Barack Obama's chances of making a fresh start in US relations with the Muslim world, and the Middle East in particular, appear to diminish with each new wave of Israeli attacks on Palestinian targets in Gaza. That seems hardly fair, given the president-elect does not take office until January 20. But foreign wars don't wait for Washington inaugurations.
Obama has remained wholly silent during the Gaza crisis. His aides say he is following established protocol that the US has only one president at a time. Hillary Clinton, his designated secretary of state, and Joe Biden, the vice-president-elect and foreign policy expert, have also been uncharacteristically taciturn on the subject.
But evidence is mounting that Obama is already losing ground among key Arab and Muslim audiences that cannot understand why, given his promise of change, he has not spoken out. Arab commentators and editorialists say there is growing disappointment at Obama's detachment - and that his failure to distance himself from George Bush's strongly pro-Israeli stance is encouraging the belief that he either shares Bush's bias or simply does not care.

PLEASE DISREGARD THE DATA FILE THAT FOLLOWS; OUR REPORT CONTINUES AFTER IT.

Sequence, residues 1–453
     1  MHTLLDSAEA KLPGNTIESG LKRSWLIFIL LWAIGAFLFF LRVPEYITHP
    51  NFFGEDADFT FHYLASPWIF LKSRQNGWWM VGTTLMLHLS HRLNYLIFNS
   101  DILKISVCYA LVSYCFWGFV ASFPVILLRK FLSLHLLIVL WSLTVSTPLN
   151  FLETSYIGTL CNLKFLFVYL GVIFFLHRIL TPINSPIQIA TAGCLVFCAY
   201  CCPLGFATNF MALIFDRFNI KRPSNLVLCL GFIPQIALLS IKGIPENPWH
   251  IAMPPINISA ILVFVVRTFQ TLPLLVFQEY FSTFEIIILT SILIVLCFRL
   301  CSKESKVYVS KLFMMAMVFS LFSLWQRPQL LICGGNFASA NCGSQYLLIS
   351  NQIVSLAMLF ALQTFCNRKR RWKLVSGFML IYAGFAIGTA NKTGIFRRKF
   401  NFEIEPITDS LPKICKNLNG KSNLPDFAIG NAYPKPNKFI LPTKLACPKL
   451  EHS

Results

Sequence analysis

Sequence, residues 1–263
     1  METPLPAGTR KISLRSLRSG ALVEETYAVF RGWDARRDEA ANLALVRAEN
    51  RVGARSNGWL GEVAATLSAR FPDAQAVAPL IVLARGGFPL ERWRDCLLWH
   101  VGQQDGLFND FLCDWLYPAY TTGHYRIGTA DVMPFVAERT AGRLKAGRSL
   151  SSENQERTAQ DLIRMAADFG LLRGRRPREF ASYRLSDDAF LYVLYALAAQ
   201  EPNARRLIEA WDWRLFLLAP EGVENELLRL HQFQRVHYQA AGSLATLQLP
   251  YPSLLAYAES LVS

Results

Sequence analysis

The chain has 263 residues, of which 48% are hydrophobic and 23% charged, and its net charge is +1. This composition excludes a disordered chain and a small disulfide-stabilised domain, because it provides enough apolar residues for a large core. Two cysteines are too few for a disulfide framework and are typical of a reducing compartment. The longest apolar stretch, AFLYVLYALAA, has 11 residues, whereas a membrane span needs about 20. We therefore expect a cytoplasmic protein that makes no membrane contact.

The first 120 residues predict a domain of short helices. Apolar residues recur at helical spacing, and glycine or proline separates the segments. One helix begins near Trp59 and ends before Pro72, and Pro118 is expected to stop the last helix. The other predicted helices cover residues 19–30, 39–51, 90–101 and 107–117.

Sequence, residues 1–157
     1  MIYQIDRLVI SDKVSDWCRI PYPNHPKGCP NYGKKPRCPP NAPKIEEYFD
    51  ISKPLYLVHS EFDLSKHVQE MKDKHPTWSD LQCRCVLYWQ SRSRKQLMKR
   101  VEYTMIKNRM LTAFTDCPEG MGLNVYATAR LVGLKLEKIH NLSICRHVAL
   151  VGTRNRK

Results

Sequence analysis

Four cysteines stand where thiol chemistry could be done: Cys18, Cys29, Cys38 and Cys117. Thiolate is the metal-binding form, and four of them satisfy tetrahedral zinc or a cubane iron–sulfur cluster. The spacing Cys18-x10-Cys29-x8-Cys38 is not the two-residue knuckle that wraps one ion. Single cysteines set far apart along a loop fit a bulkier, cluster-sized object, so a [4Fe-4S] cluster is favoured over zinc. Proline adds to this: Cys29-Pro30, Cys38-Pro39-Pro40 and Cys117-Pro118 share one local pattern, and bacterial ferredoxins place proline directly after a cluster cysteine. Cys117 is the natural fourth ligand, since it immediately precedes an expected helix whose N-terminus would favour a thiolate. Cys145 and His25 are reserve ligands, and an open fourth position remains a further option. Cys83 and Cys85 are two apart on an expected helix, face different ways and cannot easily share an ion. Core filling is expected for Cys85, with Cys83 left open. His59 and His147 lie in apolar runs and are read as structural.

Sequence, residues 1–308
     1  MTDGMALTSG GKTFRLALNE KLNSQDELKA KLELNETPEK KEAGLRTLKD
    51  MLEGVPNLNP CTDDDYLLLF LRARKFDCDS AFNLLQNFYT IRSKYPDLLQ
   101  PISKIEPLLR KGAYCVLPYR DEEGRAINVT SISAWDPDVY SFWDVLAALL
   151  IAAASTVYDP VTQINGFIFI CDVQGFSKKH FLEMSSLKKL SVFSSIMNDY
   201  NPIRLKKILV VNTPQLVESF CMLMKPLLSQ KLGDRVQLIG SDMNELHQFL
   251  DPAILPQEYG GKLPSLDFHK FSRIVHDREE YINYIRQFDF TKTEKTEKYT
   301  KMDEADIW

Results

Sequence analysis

The Al-Jazeera satellite television station recently broadcast footage of Obama on holiday in Hawaii, wearing shorts and playing golf, juxtaposed with scenes of bloodshed and mayhem in Gaza. Its report criticising "the deafening silence from the Obama team" suggested Obama is losing a battle of perceptions among Muslims that he may not realise has even begun.
"People recall his campaign slogan of change and hoped that it would apply to the Palestinian situation," Jordanian analyst Labib Kamhawi told Liz Sly of the Chicago Tribune. "So they look at his silence as a negative sign. They think he is condoning what happened in Gaza because he's not expressing any opinion."